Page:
The organizational competence of project management provides a solid foundation for every activity conducted by a business and the practice of law. Legal project management (LPM) provides the discipline that enables lawyers and those who manage legal work – in law firms, law departments and alternate legal services providers – to define, demonstrate and deliver greater value by balancing the scope of work, time, and resources as they strive for optimal efficiency, outcomes and client satisfaction.
Although many distinguish the business of law from the practice of law, innovators in legal project management take an integrated approach. In commercial and governmental settings, practicing law is
not an academic exercise, nor an end in itself. Effective legal services address a client’s business needs, opportunities and risk profile, and may also implicate public policy and legal precedent. The client experience is personal as well as professional. LPM provides a framework for meeting all these challenges.
Innovations in Legal Project Management profiles those who have done the difficult work of harnessing the relevant aspects of legal project management as a strategy that is explicitly aligned to a law
firm’s or legal department’s business objectives and culture. The authors describe communication strategies and techniques to train, coach and mentor those acquiring the skills to implement legal project management practices as a core aspect of the fi rm’s business strategy, operations, quality legal services, and focus on the client experience.
All the contributors to this book are professionals who continuously see around corners in improving the legal profession. They have created value for their firms, clients, and organizations; others have advanced the legal profession. They have systematically:
- Used deep insights about particular clients to create new services and ways of doing things that impact the client’s business goals;
- Incrementally improved the speed, value (cost/margin), and quality/ benefits of the product or service they deliver; and/or
- Relied on technology that is homegrown or highly customized to meet users’ needs.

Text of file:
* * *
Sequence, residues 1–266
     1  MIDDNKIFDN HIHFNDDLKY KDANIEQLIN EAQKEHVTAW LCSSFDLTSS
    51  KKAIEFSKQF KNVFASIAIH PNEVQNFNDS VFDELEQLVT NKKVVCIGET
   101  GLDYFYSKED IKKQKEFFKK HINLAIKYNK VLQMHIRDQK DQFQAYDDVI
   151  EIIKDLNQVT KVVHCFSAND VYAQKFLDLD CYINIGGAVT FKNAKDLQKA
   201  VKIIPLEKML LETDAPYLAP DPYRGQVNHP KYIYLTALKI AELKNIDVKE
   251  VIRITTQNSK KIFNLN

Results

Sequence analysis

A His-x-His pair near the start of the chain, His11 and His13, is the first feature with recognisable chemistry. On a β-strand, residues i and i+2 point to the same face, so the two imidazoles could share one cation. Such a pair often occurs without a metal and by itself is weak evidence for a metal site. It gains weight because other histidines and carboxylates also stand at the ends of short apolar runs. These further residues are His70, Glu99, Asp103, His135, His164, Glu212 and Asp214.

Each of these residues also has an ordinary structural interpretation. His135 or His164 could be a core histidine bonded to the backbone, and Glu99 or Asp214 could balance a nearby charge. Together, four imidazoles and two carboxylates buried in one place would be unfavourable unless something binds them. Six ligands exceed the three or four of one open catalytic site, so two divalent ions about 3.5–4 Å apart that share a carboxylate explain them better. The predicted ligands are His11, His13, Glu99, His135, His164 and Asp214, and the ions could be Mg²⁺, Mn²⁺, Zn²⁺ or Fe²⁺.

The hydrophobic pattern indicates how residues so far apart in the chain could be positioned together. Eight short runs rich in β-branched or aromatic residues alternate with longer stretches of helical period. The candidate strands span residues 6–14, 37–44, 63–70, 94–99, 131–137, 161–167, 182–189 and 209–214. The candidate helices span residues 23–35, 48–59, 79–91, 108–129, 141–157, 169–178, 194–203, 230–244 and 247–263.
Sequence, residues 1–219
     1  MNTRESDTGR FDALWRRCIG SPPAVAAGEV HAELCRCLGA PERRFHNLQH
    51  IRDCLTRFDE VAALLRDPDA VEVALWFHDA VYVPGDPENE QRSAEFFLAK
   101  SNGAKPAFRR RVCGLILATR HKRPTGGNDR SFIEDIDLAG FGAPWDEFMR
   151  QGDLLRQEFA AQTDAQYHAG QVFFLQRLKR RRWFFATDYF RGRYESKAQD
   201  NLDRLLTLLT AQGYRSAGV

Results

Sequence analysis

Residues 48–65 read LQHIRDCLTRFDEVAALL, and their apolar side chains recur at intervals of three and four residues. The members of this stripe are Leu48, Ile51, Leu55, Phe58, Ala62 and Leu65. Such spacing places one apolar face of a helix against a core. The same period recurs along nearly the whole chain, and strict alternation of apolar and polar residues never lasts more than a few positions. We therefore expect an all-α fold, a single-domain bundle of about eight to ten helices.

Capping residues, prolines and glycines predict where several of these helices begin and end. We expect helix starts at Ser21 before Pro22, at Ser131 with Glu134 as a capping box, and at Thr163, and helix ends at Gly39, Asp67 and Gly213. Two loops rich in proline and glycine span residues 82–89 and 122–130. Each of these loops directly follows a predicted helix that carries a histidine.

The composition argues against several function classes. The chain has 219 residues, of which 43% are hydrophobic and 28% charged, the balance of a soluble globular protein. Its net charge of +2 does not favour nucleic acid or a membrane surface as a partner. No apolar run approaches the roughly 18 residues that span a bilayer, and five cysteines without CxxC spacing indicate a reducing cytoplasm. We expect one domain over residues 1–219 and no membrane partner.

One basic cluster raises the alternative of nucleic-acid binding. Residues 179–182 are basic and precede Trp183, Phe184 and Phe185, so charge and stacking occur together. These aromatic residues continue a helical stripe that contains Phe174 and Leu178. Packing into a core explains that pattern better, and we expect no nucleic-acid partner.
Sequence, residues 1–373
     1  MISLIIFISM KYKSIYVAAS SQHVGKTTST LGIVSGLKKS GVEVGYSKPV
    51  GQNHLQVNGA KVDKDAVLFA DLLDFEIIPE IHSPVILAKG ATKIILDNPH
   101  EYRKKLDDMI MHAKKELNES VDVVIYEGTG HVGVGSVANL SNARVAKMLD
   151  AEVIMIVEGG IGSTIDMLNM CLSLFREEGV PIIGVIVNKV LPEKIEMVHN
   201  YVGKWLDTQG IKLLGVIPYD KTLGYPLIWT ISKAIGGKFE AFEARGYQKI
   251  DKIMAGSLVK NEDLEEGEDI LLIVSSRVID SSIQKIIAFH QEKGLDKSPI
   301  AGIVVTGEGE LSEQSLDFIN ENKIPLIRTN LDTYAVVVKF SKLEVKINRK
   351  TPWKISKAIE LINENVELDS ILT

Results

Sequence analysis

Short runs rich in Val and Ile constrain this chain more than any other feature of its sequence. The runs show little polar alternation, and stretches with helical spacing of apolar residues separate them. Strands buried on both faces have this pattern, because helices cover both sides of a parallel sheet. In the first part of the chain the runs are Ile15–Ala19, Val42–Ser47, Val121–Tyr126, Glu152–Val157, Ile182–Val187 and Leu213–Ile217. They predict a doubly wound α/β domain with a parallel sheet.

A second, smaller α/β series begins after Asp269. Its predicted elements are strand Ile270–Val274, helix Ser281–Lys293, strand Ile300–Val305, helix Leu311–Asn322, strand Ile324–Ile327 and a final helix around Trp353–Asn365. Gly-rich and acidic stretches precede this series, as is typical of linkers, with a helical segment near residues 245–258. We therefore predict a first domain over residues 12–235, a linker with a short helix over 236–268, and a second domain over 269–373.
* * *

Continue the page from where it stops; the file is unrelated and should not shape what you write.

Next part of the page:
About the authors
Chapter 1: Making legal project management work – a custom approach inspired by Einstein
By Meredith Wise Mendes, executive director and chief operating officer of Jenner & Block
Chapter 2: Innovations in legal project management – a law firm case study that focuses on client needs
By Randall Brater and Katie Heilman, practicing lawyers at Arent Fox LLP
Chapter 3: Putting legal project management principles into practice for M&A
By Byron S Kalogerou, partner at McDermott Will & Emery LLP, and Dennis J White, senior counsel at Verrill Dana LLP
Chapter 4: Innovations in professional development for legal project development skills
By Todd Hutchison, founder and leader of the International Institute of Legal Project Management
Chapter 5: Daily management – meetings that matter
By Thomas Agostinelli, director of practice management at Butler Snow LLP
Chapter 6: Increasing profi ts with LPM practices
By Kathleen Thompson, formerly senior manager of client value and matter management at BakerHostetler
Chapter 7: Close collaboration drives successful outcomes
By Kevin Bielawski and Lann Wasson, director and associate director of legal project management at Husch Blackwell
Chapter 8: Legal service delivery innovation
By Sam Davenport and Brian Fanning, director of legal business solutions and director of practice economics at Davis Wright Tremaine
Chapter 9: How law departments use LPM to improve the corporate bottom line
By Aileen Leventon, principal of Edge International